The Dead Lands Review

Published on: October 29, 2014

Filled Under: Film, Video, What's On

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The Dead Lands has already had acclaim at Toronto Film festival and now its come home to Aotearoa!

What a year it’s been for Kiwi film: The Last Saint, Housbound, The Dark Horse and What We Do In The Shadows have all won critical and box office success, can this Māori action flick make its mark?

The Dead Lands sticks to a tried and tested good ‘ol revenge story set it pre-colonial New Zealand. Wirepa, played by Te Kohe Tuhaka, wants a fight so he accuses Hongi of disrespecting the remains of his ancestors and uses this as motivation to brutally murder the whole rival tribe.

James Rolleston plays Hongi the lone survivor of this attack and the chieftan’s son, who is looking for vengeance. Hongi is only 15 and is not quite skilled in his warrior ways yet, even his dead grandmother speaks to him and mocks him for his violent ambitions. He is not deterred and he vows to kill Wirepa to avenge his fathers death.

He travels to The Dead Lands which are filled with spirits and ghosts of a tribe know to have vanished. He seeks the excellently terrifying ‘Monster’ played by Lawrence Makaore, who is feared  as a beast for his cannibalism and violence, to help him on his quest. This is an unexpectedly successful partnership and the two set out to hunt down Wirepa and his men.

The whole film is in te reo Māori and this aids the whole story in representing a spiritual and emotional coming of age for Hongi. The dreamlike conversations with the dead ,and thoughts of the afterlife and ancestors, are poetically written and powerfully delivered.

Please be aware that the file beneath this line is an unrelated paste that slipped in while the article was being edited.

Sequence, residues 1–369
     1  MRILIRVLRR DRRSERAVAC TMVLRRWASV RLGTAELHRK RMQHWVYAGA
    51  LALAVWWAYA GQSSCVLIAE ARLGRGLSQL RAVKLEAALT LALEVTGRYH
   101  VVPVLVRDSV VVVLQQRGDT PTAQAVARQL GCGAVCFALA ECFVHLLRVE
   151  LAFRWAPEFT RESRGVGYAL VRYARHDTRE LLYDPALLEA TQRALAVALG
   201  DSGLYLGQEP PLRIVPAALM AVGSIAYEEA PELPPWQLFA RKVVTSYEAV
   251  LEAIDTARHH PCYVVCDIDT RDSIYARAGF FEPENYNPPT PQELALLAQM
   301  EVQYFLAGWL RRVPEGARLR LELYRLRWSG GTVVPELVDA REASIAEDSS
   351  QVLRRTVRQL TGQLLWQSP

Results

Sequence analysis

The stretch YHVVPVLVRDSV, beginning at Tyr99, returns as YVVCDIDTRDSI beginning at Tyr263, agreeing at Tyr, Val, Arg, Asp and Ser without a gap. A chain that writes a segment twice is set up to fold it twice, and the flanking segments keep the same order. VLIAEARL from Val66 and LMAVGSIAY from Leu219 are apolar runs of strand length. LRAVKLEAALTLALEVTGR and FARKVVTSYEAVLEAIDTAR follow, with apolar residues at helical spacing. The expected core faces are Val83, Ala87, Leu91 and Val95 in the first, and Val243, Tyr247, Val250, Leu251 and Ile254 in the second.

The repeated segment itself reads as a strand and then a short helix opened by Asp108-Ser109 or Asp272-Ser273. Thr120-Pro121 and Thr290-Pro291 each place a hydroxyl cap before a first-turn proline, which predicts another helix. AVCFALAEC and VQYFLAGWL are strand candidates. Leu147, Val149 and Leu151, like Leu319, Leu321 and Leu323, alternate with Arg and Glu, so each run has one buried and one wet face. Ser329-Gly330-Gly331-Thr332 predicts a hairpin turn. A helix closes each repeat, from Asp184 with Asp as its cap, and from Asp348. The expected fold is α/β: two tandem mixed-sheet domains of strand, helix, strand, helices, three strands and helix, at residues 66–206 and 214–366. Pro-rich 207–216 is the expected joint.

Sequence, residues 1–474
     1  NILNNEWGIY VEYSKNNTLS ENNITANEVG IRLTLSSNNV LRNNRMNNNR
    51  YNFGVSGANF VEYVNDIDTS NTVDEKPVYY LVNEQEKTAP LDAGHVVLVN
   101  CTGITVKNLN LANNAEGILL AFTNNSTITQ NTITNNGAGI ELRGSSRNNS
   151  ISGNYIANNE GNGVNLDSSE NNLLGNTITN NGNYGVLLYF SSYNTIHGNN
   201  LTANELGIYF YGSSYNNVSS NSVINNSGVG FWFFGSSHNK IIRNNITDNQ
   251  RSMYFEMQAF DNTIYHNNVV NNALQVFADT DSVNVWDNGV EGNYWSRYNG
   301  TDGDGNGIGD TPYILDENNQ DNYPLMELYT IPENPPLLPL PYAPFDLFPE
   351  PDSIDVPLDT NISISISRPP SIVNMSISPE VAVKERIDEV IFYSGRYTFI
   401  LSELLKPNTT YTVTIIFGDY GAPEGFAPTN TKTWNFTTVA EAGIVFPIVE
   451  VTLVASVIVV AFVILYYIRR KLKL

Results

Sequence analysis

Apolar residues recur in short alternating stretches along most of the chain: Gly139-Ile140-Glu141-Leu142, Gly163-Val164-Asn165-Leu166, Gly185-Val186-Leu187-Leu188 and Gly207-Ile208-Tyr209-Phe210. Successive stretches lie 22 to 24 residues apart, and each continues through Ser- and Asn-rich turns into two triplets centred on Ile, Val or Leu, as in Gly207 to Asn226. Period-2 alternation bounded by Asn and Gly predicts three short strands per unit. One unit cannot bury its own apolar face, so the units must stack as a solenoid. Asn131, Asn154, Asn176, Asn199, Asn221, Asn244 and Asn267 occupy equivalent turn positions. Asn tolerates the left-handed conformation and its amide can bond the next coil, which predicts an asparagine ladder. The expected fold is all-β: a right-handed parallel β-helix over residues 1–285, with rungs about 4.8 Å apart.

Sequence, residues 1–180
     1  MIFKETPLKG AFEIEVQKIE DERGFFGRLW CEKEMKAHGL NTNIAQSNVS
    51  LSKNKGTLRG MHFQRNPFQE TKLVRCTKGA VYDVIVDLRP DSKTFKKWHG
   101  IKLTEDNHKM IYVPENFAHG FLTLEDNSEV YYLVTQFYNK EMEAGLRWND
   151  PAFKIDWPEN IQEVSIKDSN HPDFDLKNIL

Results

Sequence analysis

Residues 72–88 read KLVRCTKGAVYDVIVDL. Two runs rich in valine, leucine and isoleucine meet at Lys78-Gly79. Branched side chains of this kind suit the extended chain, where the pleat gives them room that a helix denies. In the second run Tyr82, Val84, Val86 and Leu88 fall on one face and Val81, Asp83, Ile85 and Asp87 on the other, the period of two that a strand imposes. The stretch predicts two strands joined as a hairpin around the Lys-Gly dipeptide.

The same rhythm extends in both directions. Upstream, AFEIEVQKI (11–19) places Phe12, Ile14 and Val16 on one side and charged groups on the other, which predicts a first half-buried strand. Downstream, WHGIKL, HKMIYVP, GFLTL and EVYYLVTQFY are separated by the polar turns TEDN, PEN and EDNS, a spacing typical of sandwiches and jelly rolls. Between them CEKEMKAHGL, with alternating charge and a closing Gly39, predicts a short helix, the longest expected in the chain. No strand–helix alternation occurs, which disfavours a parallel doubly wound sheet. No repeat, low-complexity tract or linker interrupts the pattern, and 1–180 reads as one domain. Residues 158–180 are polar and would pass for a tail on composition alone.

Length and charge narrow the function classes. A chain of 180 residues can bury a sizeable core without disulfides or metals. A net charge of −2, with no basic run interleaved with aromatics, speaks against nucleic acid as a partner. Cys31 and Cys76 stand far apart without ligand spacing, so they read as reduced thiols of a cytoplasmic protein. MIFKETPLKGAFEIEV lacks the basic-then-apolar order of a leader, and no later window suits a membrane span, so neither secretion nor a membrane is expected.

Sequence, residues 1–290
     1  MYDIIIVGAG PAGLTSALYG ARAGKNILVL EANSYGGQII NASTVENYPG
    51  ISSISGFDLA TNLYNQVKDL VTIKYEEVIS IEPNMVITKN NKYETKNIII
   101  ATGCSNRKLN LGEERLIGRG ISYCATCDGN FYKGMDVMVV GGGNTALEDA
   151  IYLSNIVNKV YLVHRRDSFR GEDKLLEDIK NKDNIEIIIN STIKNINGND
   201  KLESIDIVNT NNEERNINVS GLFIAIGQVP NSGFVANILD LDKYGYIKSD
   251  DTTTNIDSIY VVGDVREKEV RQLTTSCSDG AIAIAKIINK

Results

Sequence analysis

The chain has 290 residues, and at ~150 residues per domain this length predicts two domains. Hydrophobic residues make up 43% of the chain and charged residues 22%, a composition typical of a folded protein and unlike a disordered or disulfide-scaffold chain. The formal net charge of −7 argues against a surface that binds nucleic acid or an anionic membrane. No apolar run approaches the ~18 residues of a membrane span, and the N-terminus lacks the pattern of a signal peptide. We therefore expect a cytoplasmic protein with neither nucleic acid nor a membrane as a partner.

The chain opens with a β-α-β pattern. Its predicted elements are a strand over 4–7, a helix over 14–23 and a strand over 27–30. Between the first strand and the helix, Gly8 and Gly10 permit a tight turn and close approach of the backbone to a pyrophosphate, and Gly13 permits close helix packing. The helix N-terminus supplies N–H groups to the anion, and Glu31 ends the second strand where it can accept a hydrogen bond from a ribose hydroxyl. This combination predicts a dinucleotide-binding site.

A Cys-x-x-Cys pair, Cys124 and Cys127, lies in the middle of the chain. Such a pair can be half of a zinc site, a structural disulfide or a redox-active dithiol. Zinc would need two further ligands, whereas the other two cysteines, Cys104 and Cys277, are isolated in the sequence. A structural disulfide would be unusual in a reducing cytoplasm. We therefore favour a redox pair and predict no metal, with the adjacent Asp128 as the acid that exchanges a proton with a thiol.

It is beautifully shot for both the epic battles scenes and spiritual journey shots. The skills of the warriors are shouted from the tree tops in this film. The combat sequences are displayed in as much precision as the fighters land their paddles on their victims.

Rolleston once again delivers a mature performance. I very much enjoyed the bad guys too, Te Kohe Tuhaka, was horrid, arrogant and merciless. Makaore was intimidating, terrifying yet intriguing as the Monstor, his monologue was one of the highlights of the script. Amongst all this bare muscle and testosterone was a kick ass woman Mehe, played by Raukura Turei. Her fight sequence with Monstor was as energetic and threatening as any of the all male fights.

Stylistic costumes and weaponry make this action adventure a truly original affair.

The Dead Lands is violent and bloody, but not grotesque or gruesome. It’s highly emotive and its motivation is for retribution and respect. Toa Fraser has created a mystical environment that is ripe for a action packed sequel!

Reviewed by Ingrid Grenar

5 stars

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